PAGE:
j.

  71. Rants, like art, need to be published.
    Not to be agreed with, or disagreed with.
    But to get it out there.
    To make people think.

  72. David

    I re-read my post and want to apologize for how I came across last night. I feel like I even missed my point entirely.

    While I’ll still stick up for grunge HDR, I wasn’t calling you a snob. I don’t feel that you are. Quite the opposite in fact. I did feel like it opened the door for commenters to kick it while it was down, which is why my instinct was to jump in on its behalf.

    Honestly I’ve been following your work since within the frame. That book, vision and voice, as well as your creativelive workshops changed my view on photography and set me down the right path. “make your blacks black and your whites white” opened a lot of doors with that simple sentence and I honestly wish more people taught that level of the real basics. I also bought the war of art on your recommendation during the creativelive workshop and I’m just digging into it.

    So anyway, my sincere apologies if I came across as a tool. I had a point in there somewhere and lost it in the Internet trollishness. I get and respect the hell out of what you do. You’re one of the few out there who shows the messy side of making art just as openly as every other piece.

    Thanks
    John F

  73. David–if you are well enough to go to lunch with your father–you must be much improved. Wonderful news.

    Your rants are right on target, and needed to be expressed as a purveyor of techniques to help an individual find his/her own vision; you are simplifying what is important in that self discovery. I disagree with the gentleman above who says not to study someone else because, when I began to photograph, my technique improved enough through the study of others that I can now focus on developing my vision. I needed to understand the medium.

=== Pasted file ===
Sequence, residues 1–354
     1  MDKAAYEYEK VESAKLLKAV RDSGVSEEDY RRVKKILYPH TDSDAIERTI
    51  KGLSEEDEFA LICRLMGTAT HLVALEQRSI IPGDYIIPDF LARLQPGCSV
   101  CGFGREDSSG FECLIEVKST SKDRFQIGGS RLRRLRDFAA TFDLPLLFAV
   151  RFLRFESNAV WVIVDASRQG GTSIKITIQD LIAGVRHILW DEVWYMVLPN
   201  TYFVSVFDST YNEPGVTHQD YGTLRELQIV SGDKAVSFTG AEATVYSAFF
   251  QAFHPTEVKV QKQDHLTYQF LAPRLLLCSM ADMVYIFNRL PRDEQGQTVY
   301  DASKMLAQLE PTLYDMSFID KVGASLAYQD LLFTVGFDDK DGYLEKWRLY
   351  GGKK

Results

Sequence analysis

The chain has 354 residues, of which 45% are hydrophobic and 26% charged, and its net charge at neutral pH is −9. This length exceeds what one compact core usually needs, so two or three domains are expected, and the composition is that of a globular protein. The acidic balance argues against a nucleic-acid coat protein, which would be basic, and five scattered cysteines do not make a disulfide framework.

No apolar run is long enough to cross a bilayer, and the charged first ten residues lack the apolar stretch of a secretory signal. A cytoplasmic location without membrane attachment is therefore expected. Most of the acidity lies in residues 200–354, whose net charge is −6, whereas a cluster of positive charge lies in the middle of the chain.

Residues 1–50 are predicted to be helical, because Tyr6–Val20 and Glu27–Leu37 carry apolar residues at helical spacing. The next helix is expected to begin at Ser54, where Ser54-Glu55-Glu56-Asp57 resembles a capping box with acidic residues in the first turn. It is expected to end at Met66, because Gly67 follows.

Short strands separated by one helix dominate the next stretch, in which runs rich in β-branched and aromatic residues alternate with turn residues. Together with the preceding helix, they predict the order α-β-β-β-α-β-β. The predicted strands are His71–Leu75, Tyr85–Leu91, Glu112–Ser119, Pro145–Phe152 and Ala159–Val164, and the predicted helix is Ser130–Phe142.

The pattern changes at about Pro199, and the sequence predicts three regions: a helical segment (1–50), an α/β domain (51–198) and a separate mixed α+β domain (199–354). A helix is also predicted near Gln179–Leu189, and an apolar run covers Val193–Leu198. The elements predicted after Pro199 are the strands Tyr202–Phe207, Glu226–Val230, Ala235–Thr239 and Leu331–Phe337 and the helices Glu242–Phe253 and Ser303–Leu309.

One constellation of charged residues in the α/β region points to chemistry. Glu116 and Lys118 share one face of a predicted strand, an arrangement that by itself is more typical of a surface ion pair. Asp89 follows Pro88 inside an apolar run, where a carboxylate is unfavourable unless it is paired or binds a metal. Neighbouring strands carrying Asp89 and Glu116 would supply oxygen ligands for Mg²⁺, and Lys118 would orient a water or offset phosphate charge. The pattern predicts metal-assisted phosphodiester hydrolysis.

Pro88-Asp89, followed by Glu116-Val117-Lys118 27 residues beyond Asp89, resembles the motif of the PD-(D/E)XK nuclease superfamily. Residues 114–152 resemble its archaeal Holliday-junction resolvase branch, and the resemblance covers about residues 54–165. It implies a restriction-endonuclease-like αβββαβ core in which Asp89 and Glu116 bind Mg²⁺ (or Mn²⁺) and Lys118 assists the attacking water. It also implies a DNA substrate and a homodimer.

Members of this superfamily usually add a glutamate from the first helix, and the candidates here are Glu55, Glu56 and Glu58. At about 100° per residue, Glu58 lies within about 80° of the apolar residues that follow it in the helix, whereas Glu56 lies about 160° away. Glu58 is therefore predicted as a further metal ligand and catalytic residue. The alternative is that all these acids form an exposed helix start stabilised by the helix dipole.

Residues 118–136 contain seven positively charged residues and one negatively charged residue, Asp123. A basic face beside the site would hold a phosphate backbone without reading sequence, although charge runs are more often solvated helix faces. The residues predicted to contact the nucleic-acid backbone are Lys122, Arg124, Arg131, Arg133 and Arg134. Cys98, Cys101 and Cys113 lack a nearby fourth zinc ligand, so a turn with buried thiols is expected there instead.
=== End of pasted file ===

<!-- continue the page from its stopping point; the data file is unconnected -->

The overdone HDR thing going on these days is nuts–and I hope is a passing fancy. I like your quote above and wish to reshare it with others if you don’t mind: “The moment people are more impressed by your technique than the thing you are expressing, you’ve created something less than art.” Well said. I don’t see an oil painting and concentrate on the oils. Although, I am sure we will have those that disagree…..

    Take care…

  74. Great stuff. I’m sick of photographers and the photography industry being a big sales pitch — I’m finally off the gear chase now, and still won’t pay thousands to attend some conference’ where they just try to upsell us even more (!?)

    Money can’t buy vision, talent, or truly creative work; hard lesson to learn, and expensive too. Hopefully posts like yours will save some from the chase 🙂

  75. 🙂 I love rants – you did it well 🙂

    Interesting timing on this post – I’ve been assisting Anna on another Architectural Photography workshop up at SFU this weekend – and we discussed the same points yesterday with the group.

    Thanks for posting it unedited – refreshing.

  76. Sometimes it can be very refreshing to hear a rant that mirrors one’s own thoughts…Other times it can be refreshing to have said rant also slap you upside the head. Either way, much appreciated.

  77. 1) I agree with you David a bad image is a bad image regardless of what processing procedure one uses, and over cooked HDR is the worst.

    2) Awesome…. if i hear this word one ore time I’ll throw up!!! I’m a European, British to be exact, I find that a lot of people (north Americans in particular) feel they have to say that what ever image they look at is Awesome, wonderful etc., etc. weather they like it or not because they don’t want to offend the originator.

    Hell, if you don’t like it then say you don’t like it but be honest no one is going to kill you and your are not helping the originator either because they aren’t able to grow. So be honest and speak you mind.

    3) It seem to me that the majority on photographers are far too interested in what camera, lens, f-stop,shutter speed etc. etc.was used to create an image be it film or digital, does it really matter, NO!!

    David like Scot B. said early, it’s refreshing to read something that come direct from the heart/brain/fingers. Let’s have more

    Mikel.

  78. Thanks for the rant! Found your blog from a repost on a friend’s FB page and it was very refreshing to read.
    I post my work to a photography forum and crave the rare true critique rather than the same old ‘nice job’ posts.
    I have to confess to use of HDR in my work but hope that my composition and light makes for a strong image and the HDR is only seen as a tool. I would welcome a kick in the butt if you think I’m overdoing the HDR stuff on my blog.
    E

  79. Wish I were eloquent enough to write a post like yours.